Camel case capitalizes the first letter of every word in hashtags. For example, instead of writing #blacklivesmatter, which sounds like, blacklivesmatter to screen reader users, you’d write, #BlackLivesMatter instead. That sounds like “Black Lives Matter” to screen reader users. It’s easier to understand and better for accessibility.
Emoji are an expressive way for content creators to get a point across. Screen reader users can interact with emojis. Modern screen readers actually detail the characteristics of an emoji. Because screen reader users are describing the characteristics of an emoji, it can take time to listen to a post with more than five emojis, back to back, with no punctuation. It can also be disorienting for some screen reader users to have gapless readings of emojis between text. For example, this would sound like, this clapping hands is clapping hands good.
Fonts are crucial for sheer readability reasons alone. It’s important to keep font sizes and typography standard across all social media. Do not use special display characters because screen readers will not read those. Try to indicate emphasis with another method such as asterisks, * when making content because screen readers don’t interpret font attributes such as bold or italic styling.
Keeping things standard across the board, with regard to font presentation, will ensure that everybody can read your content, even your fans with reading disabilities.
Gifs can be a fun way to convey information, but they can also pose significant challenges for disabled social media users. Gifs can cause challenges for people who have seizures or people that are visually impaired. Animated gifs can be accessible if they are set to stop after 5 seconds or if users are presented with a way to pause it, if they have alt text and if they do not contain blinking/flashing.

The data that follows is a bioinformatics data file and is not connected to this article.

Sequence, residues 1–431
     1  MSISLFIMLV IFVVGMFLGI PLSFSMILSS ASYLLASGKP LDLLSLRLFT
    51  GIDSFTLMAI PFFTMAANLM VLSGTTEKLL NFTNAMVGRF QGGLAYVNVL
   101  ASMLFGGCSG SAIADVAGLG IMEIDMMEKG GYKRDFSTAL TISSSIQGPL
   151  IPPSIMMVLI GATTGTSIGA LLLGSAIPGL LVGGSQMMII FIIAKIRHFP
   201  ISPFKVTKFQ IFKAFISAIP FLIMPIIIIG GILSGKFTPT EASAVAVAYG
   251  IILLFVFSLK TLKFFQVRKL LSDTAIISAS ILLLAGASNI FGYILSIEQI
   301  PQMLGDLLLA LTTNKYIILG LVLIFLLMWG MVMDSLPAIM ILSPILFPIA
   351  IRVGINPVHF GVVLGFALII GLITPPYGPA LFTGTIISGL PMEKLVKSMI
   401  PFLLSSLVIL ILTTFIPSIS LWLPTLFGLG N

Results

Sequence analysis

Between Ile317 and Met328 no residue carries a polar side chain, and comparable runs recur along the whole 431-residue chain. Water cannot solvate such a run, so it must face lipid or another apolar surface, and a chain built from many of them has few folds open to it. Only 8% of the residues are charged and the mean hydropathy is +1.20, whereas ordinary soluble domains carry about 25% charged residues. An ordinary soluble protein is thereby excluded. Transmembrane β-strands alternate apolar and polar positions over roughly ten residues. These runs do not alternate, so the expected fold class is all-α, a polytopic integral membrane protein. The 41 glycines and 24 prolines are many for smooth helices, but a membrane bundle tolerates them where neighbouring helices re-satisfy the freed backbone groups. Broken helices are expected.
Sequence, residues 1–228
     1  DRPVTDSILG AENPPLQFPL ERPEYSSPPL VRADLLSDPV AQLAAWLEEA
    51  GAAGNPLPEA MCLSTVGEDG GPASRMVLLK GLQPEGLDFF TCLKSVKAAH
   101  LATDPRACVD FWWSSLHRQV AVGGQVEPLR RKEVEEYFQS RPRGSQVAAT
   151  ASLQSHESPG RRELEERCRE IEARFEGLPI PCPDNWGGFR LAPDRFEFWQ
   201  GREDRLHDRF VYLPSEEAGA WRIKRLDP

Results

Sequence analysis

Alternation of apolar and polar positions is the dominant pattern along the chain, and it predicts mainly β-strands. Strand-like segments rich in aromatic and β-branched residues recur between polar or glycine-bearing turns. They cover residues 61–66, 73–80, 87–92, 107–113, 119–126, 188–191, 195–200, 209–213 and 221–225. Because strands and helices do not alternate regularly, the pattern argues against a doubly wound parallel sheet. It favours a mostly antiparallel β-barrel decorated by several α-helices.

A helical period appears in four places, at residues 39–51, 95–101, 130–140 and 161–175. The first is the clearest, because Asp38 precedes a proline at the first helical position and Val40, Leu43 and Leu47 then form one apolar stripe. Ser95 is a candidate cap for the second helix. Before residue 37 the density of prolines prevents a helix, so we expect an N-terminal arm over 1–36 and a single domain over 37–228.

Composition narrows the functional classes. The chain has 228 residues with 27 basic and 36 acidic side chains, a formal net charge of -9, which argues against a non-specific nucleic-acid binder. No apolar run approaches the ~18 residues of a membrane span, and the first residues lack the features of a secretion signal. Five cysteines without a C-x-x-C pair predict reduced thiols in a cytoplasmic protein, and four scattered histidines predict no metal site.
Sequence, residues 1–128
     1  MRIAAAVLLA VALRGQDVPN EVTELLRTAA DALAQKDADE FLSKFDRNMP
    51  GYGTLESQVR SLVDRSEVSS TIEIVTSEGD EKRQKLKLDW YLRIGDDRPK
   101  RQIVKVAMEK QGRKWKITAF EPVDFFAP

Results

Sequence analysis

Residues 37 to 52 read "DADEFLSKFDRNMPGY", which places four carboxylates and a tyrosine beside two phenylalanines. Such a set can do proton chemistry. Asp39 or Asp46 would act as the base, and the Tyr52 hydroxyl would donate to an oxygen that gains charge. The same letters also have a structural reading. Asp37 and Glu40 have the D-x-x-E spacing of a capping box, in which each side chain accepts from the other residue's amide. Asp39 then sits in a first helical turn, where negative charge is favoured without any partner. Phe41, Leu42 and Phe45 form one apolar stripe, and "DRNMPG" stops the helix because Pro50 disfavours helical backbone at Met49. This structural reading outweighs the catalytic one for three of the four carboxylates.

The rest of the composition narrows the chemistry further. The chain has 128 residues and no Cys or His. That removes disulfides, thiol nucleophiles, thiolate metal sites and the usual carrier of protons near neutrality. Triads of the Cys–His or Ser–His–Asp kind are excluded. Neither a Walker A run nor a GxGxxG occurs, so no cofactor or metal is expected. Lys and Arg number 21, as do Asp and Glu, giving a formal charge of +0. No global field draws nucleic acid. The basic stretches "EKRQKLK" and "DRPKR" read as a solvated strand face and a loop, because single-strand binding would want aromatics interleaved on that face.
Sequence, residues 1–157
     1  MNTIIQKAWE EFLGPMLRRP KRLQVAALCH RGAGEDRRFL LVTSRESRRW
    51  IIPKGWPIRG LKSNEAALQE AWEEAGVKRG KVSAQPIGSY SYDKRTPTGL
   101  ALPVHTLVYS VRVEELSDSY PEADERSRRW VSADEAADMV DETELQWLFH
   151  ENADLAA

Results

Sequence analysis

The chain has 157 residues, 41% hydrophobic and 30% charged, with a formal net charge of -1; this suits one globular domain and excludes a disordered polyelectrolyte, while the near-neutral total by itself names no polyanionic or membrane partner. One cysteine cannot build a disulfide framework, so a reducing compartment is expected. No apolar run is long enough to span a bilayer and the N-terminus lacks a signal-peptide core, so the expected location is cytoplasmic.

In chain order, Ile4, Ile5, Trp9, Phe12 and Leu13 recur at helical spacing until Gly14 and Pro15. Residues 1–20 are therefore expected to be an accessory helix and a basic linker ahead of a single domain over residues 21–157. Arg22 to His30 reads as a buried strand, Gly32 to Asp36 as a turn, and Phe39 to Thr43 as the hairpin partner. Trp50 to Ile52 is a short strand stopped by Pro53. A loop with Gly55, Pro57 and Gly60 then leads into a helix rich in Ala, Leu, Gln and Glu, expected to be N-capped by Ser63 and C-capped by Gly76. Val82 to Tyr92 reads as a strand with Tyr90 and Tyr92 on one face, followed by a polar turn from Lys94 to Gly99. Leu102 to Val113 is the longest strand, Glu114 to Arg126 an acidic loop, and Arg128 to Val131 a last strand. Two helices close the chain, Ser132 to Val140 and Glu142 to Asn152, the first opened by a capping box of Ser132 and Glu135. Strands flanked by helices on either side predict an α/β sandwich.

You should also ask yourself if there is another way that the message can be communicated. Would a still image do? If not, think about providing an alternative or some way that users can forgo the animation or switch to an embedded video.
If you’re posting images on social media, be sure the image is described, either, in the body of the post, or using the site’s alt text feature. Alt text, also called, alternative text, is a textual description of an image provided by the content creator.
Providing alt text to images also improves social media ranking as well as accessibility. While alt text is useful, it can be done poorly. Here are some tips to writing alt text.